Experience the green roof project-II

This is a post about my experience in our green roof construction in fall 2012.


Sealing the mambrane

We started our construction in September. The first day was to assemble the membrane. This membrane was used for waterproofing, and it can project the roof itself too. We used a very bad smelling chemical liquid to seal the seam. I had to brush the sand away from the seam before other students spread the seal on the membrane, so the sand will not damage the seam area. Then we used adhesive tape on top of the seal after it dries out to strengthen it. I was kind of wondering if they can prevent the water from flowing into underneath, but I figured the seal could make it work better.


The first step was finished quickly, while the pavement took us a little bit longer. We used the 2’*2″ interlocking rubber tile as pavement, paving them from the door all the way to modules, and using them inbetween modules, I think they can better protect the membrane. Those tiles have holes on the side, so we used a stick fixer to connect two tiles. The fixers are easy to push in and hard to pull out because of the teeth on them. While, the holes on tiles were so small to push the fixers in, and it gave us a hard time to assemble the tiles, finally we began drilling holes on tiles. When I searched the interlocking tiles I saw some jigsaw puzzle piece like tiles, I think they are easy to assemble. Maybe we couldn’t find that kind of product, but I finished the pavement anyway.


Tile fixers


Drilling the hole for fixers


The next step was for drainage layer and soil. We went to the green house to assemble them. We first put the expanded clay on the bottom of modules. We should allow the drainage holes on the bottom of the module to show so it can drain the excessive water. Next layer is the root barrier fabric, and then goes the soil. I saw the name on the bag was playing sand, I figured professor would want to use the soil that could be a little bit harsh for plants to grow on, because it looked not rich in nutrient. But I think sand is more good for drainage, so the water will not stay there for very long. The soil depth is approximately 3″-4″ which I measured later.

2012-11-02 15.45.09

Expanded clay and root barrier

Finally we can plant the plants on the roof, so it really can be a green roof. I helped with plant propagation in the summer. We just cut a stem from the plant and sticked it in the soil, and we used the mixture of sand and gravel. I was suprised that Kirk told me they can survive under this condition! I remember we planted Sedum album f. ‘Murale’. In this project, we planted five types of plants in each module with 4″ spacing and 5 rows*5 columns. I saw some of them were large and tall, some are so small, I was wondering if the small ones can survive with a large strong neighbor, so I was more careful with those large ones to prevent them from hindering the small plants. I always wetted the soil before planting, but I found that it took a while for the water to prenetrate the soil and water only stayed in the topsoil if I only water it once. I had to wait for a while before the second round watering. I tried not to damage the root when I pulled the plants out of the strips, and I basiclly used my hand to dig the hole for planting, and everytime my nails were left with soil in them after I washed my hands several times! This is a extremely labor intensive work, and I wonder if other green roof constrcutions always have people plant plants on site by hands? Right now we have finished all the sedums, we are on mixed planting now, and final round would be herbaceous. We may not be able to finish all the planting this semester, I hope we can finish it in the next semester soon enough.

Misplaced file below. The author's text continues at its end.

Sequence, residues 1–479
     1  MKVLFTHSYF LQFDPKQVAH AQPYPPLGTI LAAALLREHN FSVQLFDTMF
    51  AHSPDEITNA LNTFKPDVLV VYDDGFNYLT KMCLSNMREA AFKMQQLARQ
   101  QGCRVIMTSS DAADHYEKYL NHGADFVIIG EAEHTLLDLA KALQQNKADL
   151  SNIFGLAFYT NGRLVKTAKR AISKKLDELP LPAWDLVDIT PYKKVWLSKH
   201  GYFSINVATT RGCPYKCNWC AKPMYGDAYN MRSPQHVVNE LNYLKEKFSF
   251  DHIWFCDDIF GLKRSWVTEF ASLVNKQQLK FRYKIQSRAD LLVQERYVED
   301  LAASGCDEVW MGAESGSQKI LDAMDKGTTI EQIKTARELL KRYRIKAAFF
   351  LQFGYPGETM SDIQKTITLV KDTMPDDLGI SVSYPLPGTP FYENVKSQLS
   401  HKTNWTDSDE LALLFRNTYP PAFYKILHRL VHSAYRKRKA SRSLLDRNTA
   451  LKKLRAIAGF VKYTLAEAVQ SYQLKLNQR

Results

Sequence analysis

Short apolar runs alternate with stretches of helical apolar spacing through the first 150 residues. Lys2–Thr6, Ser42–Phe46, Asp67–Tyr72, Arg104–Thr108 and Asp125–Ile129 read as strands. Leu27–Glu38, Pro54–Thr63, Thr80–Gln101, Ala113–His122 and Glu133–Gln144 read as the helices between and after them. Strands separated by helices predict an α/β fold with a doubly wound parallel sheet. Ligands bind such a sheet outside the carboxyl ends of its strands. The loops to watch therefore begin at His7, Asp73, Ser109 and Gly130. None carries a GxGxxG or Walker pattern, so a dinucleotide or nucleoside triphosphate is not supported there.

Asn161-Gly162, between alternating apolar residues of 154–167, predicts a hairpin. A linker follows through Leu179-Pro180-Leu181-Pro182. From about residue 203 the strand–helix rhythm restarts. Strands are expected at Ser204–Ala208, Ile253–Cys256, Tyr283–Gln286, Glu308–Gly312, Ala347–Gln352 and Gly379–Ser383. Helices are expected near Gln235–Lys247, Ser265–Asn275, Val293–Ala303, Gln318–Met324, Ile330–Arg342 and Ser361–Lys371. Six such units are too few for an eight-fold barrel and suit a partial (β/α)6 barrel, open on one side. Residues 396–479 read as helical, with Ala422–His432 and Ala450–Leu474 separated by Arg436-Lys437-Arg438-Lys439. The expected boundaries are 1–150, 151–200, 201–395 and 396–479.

IMG_17942012-11-09 15.35.39

The drainage system is really simple enough to understand, which is not what I expected before. I thought we would have the one like Houston’s green roof, an advanced system. I did not participate in that part, but I learned something from Chelsea’s post.

Installing irrigation pipe

Installing irrigation pipe

I really appreciate this opportunity to participate in a real green roof project. We have been taught many times about the structure of green roofs, so I think I am quite familiar with them. But I found that I could not really understand it and remember it if I were not in this project. I had to ask Kirk to explain to me every steps and materials we use. When I told  my colleagues about the construction, I thought they would knew it since we had learned it before, then I realized you had to see it to really understand it. From this project, I also learned some details of every steps which I have tried to described above. We will have the atmospheric data measurement equipment installed to collect data of temperature, wind speed and others. I found that a simple research really takes whole lots of people from different backgrounds to involve in. This green roof project is related to landscape architecture, horticulture, and atmospherical schience, which is big than I thought. I hope our work can contribute some valuable information to green roof research!


One thought on “Experience the green roof project-II

  1. Your project looks great! Hi, my name is Allison and I’m a senior at Northeastern University in Boston. I just stumbled upon your blog while doing research for my own project about green roofs on college campuses. I would love to speak with someone from your project sometime if it is possible. I did not see a link to leave you a message, but if someone there could take the time to answer a few questions for me, I would really appreciate it. My school email is evans.a@husky.neu.edu. Thank you!

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